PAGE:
We spent some time we didn’t have this evening, watching a Glyndbourne production of Verdi’s Macbeth. Some quick thoughts;
Verdi did three Shakespeare Operas—Macbeth, Otello and Falstaff, of which Macbeth is, by any measure, the weakest. But that is more a testimony to the strength of the others than it is to any intrinsic deficiency on the part of Macbeth. Granted, Verdi can’t do all the leaps and swoops now that he learned to do later—when you get right down to it, he is rather a slow starter. But that sets the bar unacceptably high: by most measures, nothing exceeds the later Verdi. Meanwhile of the early Verdis that remain in performance-Macbeth is far more polished than Nabucco, far more arresting than Luisa Miller (which I can swear we saw just a couple of years back—but Mrs. B says she can’t even remember it).
What’s really interesting is the way Verdi deals with Shakespeare. I embrace the notion that to make a good movie, you need a mediocre book which is why Gone with the Wind (say) or Bridges of Madison County are so much more fun to watch than the yawners from Merchant-Ivory.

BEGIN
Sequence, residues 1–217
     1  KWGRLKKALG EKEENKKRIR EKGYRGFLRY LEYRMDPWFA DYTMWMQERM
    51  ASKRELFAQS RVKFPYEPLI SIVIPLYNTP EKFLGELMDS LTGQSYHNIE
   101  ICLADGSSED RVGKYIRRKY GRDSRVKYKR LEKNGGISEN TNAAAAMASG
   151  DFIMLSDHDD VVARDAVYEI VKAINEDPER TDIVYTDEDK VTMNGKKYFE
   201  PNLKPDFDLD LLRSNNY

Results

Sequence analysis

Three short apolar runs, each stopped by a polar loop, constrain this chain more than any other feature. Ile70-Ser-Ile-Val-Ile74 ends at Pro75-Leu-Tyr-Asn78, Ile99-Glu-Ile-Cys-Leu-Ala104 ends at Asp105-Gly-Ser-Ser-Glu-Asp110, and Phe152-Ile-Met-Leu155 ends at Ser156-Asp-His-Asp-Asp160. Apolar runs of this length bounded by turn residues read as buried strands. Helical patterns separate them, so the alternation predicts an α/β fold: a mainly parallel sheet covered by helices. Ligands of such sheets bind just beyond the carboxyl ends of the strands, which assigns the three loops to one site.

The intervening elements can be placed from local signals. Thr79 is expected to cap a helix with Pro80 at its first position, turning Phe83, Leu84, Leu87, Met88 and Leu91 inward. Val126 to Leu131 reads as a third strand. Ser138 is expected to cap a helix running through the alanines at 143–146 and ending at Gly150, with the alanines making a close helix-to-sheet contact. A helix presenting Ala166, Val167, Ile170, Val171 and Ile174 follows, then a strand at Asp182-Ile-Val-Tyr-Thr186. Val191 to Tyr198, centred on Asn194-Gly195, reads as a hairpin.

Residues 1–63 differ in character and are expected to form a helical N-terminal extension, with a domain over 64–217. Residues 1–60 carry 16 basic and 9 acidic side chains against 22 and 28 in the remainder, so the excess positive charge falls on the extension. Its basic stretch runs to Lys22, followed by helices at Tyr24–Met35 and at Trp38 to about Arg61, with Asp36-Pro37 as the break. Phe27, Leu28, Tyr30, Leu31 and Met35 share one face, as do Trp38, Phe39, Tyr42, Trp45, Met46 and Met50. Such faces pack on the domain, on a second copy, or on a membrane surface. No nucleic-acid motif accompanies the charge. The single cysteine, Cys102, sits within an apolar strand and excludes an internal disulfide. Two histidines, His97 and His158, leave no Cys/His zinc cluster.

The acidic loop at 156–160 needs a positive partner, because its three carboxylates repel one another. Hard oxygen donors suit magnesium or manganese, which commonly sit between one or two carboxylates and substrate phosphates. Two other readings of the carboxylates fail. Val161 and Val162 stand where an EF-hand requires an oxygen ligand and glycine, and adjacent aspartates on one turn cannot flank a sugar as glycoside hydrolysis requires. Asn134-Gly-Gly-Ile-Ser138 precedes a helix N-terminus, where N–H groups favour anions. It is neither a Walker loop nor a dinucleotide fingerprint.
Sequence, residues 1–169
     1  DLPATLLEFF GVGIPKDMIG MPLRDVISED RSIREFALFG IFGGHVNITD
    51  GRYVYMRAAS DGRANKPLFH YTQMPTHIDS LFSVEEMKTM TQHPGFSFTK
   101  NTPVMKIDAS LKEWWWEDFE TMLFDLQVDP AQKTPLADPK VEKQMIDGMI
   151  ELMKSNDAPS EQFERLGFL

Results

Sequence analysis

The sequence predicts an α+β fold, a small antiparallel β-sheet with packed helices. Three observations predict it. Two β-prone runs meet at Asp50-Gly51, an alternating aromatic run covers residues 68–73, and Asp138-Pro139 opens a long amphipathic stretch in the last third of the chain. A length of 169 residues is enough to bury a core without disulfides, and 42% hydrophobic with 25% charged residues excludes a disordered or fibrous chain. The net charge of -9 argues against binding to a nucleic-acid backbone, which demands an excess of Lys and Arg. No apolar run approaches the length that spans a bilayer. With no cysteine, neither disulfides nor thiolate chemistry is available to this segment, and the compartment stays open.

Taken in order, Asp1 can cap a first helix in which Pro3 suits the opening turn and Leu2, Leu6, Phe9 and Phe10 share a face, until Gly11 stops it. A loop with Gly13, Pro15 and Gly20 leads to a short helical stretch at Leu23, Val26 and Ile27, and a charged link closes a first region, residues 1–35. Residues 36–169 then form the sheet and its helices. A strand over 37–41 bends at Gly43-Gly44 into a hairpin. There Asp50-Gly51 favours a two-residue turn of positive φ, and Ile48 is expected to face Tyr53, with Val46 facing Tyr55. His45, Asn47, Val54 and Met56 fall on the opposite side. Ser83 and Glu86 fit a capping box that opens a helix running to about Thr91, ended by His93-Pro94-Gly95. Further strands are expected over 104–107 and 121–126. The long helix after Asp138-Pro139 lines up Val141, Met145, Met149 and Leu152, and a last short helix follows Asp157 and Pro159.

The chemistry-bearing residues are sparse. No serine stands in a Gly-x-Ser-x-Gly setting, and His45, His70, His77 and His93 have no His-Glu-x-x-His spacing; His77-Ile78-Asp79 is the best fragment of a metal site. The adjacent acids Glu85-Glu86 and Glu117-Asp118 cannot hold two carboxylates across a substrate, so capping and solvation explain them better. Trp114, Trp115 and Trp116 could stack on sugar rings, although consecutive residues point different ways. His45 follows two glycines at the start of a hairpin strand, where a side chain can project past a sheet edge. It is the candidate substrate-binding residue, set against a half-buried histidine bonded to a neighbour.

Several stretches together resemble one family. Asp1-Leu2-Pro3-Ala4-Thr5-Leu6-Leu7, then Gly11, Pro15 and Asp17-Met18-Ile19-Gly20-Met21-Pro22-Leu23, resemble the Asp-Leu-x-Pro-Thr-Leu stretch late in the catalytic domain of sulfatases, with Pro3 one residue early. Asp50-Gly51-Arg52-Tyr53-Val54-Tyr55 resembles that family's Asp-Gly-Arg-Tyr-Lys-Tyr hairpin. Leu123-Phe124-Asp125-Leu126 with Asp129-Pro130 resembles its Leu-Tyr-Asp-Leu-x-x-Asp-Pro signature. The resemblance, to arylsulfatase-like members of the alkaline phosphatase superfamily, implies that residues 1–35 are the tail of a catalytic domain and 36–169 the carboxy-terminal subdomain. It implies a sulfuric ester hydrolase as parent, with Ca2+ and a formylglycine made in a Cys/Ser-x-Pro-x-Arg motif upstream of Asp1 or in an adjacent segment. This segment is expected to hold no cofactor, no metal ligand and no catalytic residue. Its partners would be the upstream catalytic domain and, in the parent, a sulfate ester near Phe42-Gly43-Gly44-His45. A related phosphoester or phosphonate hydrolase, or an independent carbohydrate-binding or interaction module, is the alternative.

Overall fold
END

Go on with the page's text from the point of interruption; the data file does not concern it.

It’s hard to make that theory fit here. Granted, maybe you could say that Falstaff is a great opera based on a weak play (Merry Wives of
Macbeth draws on a much stronger play than Merry Wives, and it never achieves the heights of Otello. But Macbeth honors its source: it’s not an insult, and it’s not just a visual aid. Over and over, watching the opera, I found myself thinking—you know, this really is a glorious play. That’s a compliment to Verdi. He knew it was glorious, and even if he did not transcend his source, still he knew how to convey has own sense of awe and wonder.
Afterthought re slow starter: By the age of 46, Shakespeare had pretty much closed up shop. After the age of 46, Verdi still had Otello and Falstaff ahead of him –and also La Forza del Destino, Don Carlos and Aida. He may have been a late starter, but I can’t think of anyone comparable who lasted longer, except Sophocles (who, as it is said, was still going at 90).
Afterthought on sources: Aside from Shakespeare, Verdi also drew heaviliy on Schiller, about whom I know almost nothing (except as filtered through opera). I wonder if Verdi’s relation to Schiller is anything like his relation to Shakespeare?